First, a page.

👩‍💼 Great profile of Sarah Kearney of Prime Coalition who pioneered a way to fund cleantech companies with a long horizon.


💰 Investors guide to negative emissions technologies has been published by Principles for Responsible Investment.

Major Carbon Emitters

☠️ Arguably the biggest major carbon emitter news this week is that big auto knew too. E&E News uncovers Ford and GMs role in attacking climate action. But hey you can buy an electric Hummer now 🖕 (which is literally the response from GM).

🧟‍♂️ These zombies threaten the whole planet about the Canadian oil patch and it’s 100.000 suspended oil wells. Seriously the front page image on this one is more scary than The Walking Dead.

🧛‍♂️A fossil fuel company paid 9 million $ in bribes and now the U.S. courts is helping it hide it.

🏴‍☠️ And here’s one I missed from last week but which is too important to miss: Facebook is fast becoming the lobby platform of choice for the fossil fuel industry with Exxon spending millions on the platform to stop climate action.


🇰🇷 South Korea pledges carbon neutrality by 2050 and the same did Japan. With all these popping up one might wonder what the meaning of the UN COP meetings really are apart from being a way for the fossil fuel industry to affect top politicians 🤔?

🇪🇺 EU trying to stop fossil fuels from suing countries due to action on climate, but asian countries including Japan has blocked it (good ol’ capitalism self-protection mechanisms at work).

🇪🇺 Sign the petition to put pressure on EU politicians to withdraw the EU Common Agricultural Policy which was passed last week and are being called ‘Death sentence on nature’.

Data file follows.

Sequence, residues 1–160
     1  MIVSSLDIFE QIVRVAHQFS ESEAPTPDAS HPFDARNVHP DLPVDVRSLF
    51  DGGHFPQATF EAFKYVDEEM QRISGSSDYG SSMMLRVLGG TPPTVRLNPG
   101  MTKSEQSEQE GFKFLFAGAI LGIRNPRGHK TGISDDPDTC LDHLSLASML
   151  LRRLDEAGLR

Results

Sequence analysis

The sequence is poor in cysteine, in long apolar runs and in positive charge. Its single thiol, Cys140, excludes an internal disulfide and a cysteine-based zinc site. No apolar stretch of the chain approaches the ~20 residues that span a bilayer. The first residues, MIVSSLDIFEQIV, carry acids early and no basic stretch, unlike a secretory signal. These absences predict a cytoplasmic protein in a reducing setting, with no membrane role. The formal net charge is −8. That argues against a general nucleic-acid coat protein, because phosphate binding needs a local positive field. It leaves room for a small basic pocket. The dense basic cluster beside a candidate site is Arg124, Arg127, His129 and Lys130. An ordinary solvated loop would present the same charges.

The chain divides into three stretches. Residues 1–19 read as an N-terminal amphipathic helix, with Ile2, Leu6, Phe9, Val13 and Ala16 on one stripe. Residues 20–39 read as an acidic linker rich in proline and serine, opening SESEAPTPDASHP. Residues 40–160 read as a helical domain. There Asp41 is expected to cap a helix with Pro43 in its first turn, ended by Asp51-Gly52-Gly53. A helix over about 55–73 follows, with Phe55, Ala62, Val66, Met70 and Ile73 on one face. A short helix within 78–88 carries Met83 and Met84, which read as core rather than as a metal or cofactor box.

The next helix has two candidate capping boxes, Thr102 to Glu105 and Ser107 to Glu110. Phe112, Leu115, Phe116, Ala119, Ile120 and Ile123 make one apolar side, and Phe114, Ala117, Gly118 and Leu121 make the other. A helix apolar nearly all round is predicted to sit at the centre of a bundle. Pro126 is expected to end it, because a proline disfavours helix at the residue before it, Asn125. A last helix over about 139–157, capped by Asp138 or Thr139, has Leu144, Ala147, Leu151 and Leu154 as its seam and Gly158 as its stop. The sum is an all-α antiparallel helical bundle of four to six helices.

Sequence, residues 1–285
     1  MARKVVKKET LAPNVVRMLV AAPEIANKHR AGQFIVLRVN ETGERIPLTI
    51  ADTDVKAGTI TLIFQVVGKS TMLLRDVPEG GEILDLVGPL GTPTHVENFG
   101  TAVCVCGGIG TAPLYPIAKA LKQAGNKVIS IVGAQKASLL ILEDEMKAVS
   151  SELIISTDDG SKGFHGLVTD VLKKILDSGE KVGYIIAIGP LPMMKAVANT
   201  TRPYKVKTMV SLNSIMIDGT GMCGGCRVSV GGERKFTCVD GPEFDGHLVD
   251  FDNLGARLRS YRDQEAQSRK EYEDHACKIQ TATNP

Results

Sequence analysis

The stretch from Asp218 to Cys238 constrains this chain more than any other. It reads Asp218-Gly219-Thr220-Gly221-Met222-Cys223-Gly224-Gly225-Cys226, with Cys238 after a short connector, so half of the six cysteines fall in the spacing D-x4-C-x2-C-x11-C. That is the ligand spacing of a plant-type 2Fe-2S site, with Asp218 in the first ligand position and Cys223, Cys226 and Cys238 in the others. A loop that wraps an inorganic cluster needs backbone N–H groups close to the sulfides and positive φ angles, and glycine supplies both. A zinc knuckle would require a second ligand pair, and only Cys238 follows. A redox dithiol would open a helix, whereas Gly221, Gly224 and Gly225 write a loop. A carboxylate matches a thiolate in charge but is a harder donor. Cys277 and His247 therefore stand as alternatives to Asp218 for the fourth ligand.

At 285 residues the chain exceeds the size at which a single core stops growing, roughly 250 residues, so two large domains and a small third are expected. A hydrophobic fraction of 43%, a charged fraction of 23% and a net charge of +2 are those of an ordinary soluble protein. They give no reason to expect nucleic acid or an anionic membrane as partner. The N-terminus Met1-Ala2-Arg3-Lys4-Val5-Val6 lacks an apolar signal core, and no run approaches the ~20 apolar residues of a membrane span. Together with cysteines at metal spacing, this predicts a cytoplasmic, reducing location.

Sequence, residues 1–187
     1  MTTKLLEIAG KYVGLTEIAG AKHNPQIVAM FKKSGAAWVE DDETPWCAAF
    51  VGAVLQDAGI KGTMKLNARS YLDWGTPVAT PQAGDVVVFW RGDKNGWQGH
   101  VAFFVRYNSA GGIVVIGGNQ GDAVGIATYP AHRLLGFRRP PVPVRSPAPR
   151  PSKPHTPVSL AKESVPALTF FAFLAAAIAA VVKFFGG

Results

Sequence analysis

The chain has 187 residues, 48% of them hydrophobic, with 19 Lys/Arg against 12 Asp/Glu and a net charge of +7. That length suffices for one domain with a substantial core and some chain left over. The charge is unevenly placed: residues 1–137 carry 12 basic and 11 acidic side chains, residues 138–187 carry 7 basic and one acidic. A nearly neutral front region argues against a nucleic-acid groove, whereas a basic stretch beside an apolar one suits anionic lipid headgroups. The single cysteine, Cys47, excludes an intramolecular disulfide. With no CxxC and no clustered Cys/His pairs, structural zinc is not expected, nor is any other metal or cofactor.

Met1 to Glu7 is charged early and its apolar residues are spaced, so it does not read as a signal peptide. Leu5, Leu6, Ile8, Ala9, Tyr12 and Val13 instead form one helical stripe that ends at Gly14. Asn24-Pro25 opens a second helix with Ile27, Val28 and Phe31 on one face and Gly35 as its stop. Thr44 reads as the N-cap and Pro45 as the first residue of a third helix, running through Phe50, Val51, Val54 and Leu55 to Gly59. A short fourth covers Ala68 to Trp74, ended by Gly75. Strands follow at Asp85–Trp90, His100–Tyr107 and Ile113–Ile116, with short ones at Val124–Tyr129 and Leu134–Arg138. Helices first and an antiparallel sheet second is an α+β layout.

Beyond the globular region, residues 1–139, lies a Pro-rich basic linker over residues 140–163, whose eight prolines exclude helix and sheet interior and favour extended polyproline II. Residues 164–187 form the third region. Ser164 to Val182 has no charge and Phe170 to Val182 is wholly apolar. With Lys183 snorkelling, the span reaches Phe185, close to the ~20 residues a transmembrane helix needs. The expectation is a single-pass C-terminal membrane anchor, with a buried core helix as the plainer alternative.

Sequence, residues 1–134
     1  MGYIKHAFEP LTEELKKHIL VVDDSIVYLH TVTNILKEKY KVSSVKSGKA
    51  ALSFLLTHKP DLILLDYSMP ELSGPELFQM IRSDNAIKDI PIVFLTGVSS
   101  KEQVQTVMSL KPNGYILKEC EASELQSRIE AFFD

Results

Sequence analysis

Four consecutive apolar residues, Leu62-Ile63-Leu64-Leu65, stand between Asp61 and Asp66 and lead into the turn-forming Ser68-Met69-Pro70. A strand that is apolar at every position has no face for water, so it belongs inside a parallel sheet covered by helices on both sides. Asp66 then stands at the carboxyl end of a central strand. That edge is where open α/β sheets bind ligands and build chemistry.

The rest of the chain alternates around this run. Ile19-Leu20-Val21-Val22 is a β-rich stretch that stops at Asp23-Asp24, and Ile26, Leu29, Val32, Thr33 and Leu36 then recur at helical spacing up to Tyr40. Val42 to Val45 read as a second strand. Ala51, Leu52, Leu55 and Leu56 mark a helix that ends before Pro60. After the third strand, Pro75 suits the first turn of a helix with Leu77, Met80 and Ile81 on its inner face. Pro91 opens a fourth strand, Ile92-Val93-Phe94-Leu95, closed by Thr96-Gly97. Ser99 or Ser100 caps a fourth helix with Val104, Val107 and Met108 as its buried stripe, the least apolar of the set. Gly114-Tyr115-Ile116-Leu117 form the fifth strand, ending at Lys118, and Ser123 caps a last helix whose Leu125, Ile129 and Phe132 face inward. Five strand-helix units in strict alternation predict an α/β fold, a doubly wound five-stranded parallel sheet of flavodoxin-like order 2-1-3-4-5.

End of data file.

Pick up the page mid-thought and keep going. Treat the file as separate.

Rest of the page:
Climate Justice

🛢 Total faces lawsuit for human rights violations in Uganda.

🚛 Cars too dangerous and dirty are being sold by developed countries in developing countries.

🔫 South African climate activist opposing coal mine has been shot dead in her home

All we can save bookclub and other books

📕 Heated “All we can save”-book club week 4 is back (I really don’t know where week 3 went).

Key podcasts

Based on the previous newsletter’s discussion of divestment I just happened to discover a podcast series by the podcast Political Climate about this topic which is a few months old. I’ve only listened to one episode but so far it’s very good: Ep1, Ep2, Ep3, Ep4, Ep5, and Ep6.

💪One way to take action: Politics

The Problem: It’s illegal today to solve the climate crisis

I got this quote from Saul Griffith in an early episode of My Climate Journey and he recently went on to show one reason why. In his handbook to Rewiring America he shows these two graphs: